Participants creating a tableaux inspired by small group conversations.
On Tuesday, May 21, The Anthropologists organized an Emergency Response Session in reaction to the abortion bans passed in Alabama and Missouri. Thanks to the generosity of Robin Sokoloff and Town Stages, we were able to host this session.
It was both important and reassuring to gather together as a diverse group - including theatre artists and non-practictioners - to speak about the ramifications of the bans and to look beyond the initial scope of impact to cisgender heterosexual women. Everyone came together with the spirit of openness and knowledge-building.
Upon arrival, participants were invited to write down anonymous responses to the following questions:
What emotions are you feeling?
What questions do you have?
What are your biggest concerns?
This helped us to "take the temperature" of the room and guide our full group conversations which included some research sharing about abortion care and statistics. Then, in small groups, we engaged more deeply using conversation prompts from the National Network of Abortion Funds.
These were the prompts we used.
In your community or the state where you live, which social justice issues can affect a person's ability to parent as they choose to or access an abortion need?
How would you respond to someone who confided in you and said: "I am a transgender man, and I think I might be pregnant. When I go to the doctor, I feel judged, and I'm worried about what the doctor will say when I ask about my options, including abortion. What should I say to the doctor when I go to my next appointment?"
Did you know that people experiencing pregnancy loos often have their medical care negatively impacted by anti-abortion laws? How would you show compassion to someone experiencing a miscarriage who was denied the care they need due to financial or medical regulations related to abortion?
What does personal autonomy mean to you? Do you feel like you can make your own decisions about your path in life? Why or why not?
These conversations were then translated into physical tableaux. Other points of conversation inspired physical theatre exercises. One participant shared afterwards, "What surprised me the most was the emotional response/release to the physical manifestations of the prompts."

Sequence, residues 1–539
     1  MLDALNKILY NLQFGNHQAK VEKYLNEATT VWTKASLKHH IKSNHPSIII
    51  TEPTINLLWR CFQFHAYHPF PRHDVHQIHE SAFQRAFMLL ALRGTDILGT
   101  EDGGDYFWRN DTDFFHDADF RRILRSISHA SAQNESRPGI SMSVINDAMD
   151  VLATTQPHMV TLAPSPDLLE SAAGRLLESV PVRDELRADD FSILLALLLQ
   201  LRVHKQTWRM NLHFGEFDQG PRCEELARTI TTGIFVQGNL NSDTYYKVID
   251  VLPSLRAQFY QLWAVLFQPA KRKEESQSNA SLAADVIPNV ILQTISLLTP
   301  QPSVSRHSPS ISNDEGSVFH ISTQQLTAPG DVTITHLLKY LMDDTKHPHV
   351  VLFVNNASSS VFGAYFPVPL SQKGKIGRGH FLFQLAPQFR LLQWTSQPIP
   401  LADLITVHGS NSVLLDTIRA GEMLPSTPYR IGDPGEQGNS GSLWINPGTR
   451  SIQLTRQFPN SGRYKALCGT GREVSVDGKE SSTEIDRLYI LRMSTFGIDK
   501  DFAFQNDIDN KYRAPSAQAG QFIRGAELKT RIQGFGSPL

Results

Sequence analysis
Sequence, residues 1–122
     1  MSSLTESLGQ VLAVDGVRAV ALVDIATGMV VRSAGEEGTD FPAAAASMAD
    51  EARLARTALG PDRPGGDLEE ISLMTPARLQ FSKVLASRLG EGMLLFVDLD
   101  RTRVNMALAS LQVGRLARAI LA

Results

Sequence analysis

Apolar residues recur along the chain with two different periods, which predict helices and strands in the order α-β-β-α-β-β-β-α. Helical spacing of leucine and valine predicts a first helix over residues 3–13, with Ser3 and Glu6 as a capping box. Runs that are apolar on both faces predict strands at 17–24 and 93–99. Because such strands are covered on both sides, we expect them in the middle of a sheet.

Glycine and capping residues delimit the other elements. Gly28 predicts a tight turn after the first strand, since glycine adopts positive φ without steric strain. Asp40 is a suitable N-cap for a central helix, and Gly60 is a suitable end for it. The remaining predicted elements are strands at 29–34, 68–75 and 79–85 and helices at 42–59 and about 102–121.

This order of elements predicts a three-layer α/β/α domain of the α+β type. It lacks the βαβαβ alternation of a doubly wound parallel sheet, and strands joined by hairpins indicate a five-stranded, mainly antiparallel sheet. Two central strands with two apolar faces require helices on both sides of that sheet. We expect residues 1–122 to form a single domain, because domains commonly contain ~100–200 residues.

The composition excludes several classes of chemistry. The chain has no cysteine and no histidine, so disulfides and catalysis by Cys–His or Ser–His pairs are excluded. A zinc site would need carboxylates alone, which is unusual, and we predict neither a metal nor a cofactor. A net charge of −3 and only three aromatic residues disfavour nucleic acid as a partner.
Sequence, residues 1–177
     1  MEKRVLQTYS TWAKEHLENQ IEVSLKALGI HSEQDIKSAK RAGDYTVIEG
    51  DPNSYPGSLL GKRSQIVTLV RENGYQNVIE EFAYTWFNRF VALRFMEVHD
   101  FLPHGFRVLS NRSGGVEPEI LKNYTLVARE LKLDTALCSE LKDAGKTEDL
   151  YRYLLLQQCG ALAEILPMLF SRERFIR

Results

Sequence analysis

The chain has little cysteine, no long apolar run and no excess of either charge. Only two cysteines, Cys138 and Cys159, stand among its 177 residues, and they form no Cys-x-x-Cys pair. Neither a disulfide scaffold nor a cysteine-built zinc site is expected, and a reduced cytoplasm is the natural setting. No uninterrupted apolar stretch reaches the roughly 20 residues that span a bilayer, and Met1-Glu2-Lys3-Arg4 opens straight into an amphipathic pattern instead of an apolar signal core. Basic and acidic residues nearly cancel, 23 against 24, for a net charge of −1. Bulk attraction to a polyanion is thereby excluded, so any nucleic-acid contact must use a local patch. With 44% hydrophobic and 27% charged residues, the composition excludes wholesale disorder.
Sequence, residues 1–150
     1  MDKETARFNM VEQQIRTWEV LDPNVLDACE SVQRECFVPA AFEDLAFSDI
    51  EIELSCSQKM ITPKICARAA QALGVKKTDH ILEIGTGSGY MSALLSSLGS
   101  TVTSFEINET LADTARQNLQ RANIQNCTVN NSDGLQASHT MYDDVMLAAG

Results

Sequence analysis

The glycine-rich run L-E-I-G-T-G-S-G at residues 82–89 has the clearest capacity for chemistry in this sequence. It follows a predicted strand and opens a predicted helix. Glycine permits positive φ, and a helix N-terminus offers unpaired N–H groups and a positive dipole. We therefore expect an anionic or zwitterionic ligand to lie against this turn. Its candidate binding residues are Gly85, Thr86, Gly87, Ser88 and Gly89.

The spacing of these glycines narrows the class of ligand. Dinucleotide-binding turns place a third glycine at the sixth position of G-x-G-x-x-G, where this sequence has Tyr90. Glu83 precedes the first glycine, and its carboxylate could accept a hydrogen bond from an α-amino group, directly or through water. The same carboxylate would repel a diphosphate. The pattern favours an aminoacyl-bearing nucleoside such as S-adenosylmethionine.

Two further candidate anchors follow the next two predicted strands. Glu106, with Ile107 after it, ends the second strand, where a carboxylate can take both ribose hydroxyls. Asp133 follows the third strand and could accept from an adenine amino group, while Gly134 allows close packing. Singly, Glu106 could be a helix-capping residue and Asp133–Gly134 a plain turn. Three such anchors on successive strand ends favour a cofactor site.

At the conclusion of the session, the group suggested various organizations and resources as well as creative outlets for expression.
Her Justice: Her Justice stands with women living in poverty in New York City by recruiting and mentoring volunteer lawyers to provide free legal help to address individual and systemic legal barriers.
WNYC Radio Rookies: Internship / training platform for young people to learn about radio journalism
The Red Lotus: A short film by Shara Ashley Zeiger about life without Roe v. Wade screening in a festival in Akron, Ohio
Reproductive Freedom Walking Tours via Social Justice Tours: Led by Cindy Cooper; next tour is 5/26 and 10% of tickets goes to the NY Abortion Access Fund. If you are an artist interested in getting involved in the tours, please contact Cindy at email@example.com.
The Haven Coalition is a 501c3 non-profit made up of volunteers dedicated to supporting people traveling to New York City for abortions.
Brigid Alliance: Dedicated to improving access to abortion by alleviating the logistical and financial constraints placed upon those who must travel for care.
Lady Parts Justice: the first not safe for work, rapid response reproductive rights messaging hub that uses comedy, culture and digital media to sound an alarm about the terrifying erosion of access to reproductive rights.
Here are some of the resources we consulted in preparing for the Emergency Response Session:
National Network of Abortion Funds: https://abortionfunds.org/
Conversation Cards: https://abortionfunds.org/cards/
Heart-to-Heart Conversation Toolkit: https://abortionfunds.org/cms/assets/uploads/2018/01/Heart-to-Heart-Abortion-Conversations-Individual-Guide.pdf
The Anthropologists is invested in using theatre to unlock challenging conversations. We are curious about how theatre can be used to influence legislation. We hope that we will be able to host more such similar events.
A tableaux inspired by small group discussion.
If you'd like to be notified of future Response Sessions and other upcoming events, please email firstname.lastname@example.org.
We are currently in the research and development phase for our new play, No Pants In Tucson, a physical comedy inspired by a history of gender-oppressive laws in the United States. You can learn more here: